Lilly has fought a lifelong battle against holding and I can remember actually seeing him drag people who had hold of his jersey.
“It’s worse now than ever,” he said. “The officials don’t ever call it much. And the offensive linemen are smarter now. They learn more ways to hold you without getting caught … but I guess if I was an offensive lineman, I’d do the same thing, ”
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It appears Lilly may be able to live out the twilight of his career without the frustration he once experienced when the Cowboys would continually come to the brink … then fail.
“I feel good about our chances right now. After we beat Baltimore, I started to get that good feeling about our team again. The players and coaches could sense that we were beginning to hustle and hit the way we did the past two years when we put together those two big winning streaks that took us to the Super Bowl.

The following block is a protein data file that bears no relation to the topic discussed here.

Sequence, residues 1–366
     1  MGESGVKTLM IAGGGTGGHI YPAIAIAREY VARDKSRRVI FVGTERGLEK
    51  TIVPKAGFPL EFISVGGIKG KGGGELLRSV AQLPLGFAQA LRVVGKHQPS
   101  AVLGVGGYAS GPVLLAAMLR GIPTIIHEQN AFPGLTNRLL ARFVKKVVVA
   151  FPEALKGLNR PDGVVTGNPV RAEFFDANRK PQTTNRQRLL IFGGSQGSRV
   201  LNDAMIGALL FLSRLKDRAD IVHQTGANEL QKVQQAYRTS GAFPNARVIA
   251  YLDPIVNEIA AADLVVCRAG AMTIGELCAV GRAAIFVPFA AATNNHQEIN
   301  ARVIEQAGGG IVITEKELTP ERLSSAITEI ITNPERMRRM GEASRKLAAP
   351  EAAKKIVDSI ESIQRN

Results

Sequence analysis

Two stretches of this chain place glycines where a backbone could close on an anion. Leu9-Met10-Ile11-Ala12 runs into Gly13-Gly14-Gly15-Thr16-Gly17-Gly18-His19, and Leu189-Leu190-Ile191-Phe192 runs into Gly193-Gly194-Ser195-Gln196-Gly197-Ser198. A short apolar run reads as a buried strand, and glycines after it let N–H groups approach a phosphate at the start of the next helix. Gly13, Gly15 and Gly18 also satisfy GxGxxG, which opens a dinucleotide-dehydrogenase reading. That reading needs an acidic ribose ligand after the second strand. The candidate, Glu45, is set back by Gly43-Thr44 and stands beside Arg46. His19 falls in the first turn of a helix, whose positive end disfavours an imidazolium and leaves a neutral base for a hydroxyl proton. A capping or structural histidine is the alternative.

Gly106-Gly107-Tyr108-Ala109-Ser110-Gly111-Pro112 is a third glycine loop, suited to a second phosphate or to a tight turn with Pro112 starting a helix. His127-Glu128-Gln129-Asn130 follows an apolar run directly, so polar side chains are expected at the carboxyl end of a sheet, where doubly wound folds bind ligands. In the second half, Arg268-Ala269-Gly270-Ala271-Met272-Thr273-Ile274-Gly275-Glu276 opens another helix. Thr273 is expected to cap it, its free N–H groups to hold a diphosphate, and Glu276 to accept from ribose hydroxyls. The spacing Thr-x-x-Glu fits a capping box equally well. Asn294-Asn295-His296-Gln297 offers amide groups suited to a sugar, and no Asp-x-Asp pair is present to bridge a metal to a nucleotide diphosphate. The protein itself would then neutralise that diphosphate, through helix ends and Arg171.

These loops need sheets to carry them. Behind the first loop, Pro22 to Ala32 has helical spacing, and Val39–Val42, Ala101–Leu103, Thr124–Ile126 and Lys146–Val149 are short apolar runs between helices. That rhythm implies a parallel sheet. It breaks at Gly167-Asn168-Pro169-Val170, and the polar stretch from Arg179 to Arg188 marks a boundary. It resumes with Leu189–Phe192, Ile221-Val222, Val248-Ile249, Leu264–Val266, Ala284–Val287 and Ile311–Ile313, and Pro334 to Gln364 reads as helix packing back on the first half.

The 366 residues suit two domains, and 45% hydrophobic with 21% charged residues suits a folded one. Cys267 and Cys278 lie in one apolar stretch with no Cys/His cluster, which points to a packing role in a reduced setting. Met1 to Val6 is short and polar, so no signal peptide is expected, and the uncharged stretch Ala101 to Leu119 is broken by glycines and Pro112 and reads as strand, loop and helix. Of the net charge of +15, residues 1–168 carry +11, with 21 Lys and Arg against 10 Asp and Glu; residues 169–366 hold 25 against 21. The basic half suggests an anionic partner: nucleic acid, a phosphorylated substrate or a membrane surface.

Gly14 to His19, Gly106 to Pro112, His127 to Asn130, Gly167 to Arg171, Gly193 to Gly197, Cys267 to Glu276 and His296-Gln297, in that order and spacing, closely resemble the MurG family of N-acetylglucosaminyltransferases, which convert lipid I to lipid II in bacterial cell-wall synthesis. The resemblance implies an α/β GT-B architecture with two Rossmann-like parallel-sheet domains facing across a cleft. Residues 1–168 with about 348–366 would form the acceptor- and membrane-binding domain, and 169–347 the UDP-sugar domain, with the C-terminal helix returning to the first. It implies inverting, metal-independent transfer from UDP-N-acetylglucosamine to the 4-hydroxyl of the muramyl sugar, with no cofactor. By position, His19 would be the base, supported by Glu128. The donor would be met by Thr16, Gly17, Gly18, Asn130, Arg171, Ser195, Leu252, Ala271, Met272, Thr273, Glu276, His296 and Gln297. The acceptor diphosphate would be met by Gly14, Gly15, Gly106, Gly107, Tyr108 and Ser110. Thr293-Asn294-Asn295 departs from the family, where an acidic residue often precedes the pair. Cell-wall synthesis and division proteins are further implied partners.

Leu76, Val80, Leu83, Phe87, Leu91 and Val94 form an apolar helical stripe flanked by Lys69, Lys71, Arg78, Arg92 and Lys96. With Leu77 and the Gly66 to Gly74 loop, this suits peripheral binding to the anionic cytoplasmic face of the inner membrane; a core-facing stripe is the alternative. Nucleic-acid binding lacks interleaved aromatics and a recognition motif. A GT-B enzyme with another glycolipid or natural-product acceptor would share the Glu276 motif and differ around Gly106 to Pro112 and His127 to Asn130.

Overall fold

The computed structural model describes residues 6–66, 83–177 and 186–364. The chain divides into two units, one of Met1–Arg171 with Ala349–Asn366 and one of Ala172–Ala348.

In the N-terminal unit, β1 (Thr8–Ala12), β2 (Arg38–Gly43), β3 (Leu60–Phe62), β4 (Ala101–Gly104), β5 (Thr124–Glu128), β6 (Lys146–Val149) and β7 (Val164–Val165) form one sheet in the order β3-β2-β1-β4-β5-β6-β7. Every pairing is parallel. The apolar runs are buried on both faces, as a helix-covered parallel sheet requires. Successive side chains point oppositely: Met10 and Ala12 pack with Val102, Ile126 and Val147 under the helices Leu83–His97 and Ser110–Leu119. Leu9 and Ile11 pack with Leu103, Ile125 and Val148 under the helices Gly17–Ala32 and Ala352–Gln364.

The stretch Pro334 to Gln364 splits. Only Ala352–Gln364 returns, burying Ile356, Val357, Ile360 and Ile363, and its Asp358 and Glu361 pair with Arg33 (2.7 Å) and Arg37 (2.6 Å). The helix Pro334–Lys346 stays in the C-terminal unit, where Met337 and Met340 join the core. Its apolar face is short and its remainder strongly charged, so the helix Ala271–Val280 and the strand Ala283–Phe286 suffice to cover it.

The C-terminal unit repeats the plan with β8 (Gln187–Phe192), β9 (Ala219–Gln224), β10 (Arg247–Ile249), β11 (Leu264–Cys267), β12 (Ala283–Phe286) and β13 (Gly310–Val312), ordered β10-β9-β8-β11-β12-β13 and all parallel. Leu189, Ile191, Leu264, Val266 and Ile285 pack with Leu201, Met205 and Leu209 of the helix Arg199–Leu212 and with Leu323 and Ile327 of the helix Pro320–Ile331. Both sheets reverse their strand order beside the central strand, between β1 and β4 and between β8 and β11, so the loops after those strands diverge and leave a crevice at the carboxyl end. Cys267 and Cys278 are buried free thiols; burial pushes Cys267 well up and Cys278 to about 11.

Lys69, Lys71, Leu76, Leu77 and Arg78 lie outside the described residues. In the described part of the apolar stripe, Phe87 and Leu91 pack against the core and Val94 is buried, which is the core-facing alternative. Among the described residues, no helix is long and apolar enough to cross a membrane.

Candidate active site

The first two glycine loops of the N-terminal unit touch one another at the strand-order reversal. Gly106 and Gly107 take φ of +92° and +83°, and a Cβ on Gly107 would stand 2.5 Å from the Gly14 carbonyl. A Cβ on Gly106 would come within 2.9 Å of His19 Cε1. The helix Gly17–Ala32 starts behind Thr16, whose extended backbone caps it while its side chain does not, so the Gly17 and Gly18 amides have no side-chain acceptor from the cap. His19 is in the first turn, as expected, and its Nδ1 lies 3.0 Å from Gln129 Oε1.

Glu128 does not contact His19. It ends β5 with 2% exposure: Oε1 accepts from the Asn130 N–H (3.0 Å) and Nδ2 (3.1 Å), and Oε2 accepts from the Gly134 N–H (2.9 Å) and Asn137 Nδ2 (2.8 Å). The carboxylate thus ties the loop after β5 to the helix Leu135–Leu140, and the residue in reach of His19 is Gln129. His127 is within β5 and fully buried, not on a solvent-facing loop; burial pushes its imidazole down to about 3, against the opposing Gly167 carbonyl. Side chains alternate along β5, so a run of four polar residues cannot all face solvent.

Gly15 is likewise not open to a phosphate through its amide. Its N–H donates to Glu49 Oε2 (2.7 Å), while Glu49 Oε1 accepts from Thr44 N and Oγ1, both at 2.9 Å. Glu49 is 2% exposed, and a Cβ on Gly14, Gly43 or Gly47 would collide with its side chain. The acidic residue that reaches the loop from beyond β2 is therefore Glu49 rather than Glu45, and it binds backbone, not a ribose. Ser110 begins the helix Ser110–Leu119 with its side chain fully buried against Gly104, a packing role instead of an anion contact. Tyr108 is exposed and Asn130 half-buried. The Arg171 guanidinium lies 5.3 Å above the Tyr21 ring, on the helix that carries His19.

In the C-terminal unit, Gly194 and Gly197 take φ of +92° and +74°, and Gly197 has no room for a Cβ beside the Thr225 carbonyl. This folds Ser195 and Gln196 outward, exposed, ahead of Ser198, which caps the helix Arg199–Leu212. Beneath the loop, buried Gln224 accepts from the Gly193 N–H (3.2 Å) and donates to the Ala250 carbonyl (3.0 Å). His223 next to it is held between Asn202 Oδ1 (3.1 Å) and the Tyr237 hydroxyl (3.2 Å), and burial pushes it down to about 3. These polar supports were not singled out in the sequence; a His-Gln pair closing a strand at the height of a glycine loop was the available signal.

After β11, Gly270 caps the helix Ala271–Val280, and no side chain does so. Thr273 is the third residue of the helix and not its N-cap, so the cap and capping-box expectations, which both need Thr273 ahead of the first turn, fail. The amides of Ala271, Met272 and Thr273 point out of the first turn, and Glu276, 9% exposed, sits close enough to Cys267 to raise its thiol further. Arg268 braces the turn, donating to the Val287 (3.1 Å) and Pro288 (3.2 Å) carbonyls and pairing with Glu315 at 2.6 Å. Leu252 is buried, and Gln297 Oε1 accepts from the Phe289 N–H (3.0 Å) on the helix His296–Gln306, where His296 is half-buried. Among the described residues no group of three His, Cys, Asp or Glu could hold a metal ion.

“This team I think now has that old Green Bay attitude. It comes from confidence. There’s a feeling on the field that something good will happen and we’ll win. I think all good teams have that. Tom Landry doesn’t want us to lose that feeling because it comes from doing good, not doing bad. “
Whatever good comes to the Dallas Cowboys this season, Bob Lilly will be in the middle of it. It’s difficult to imagine the Cowboys any other way.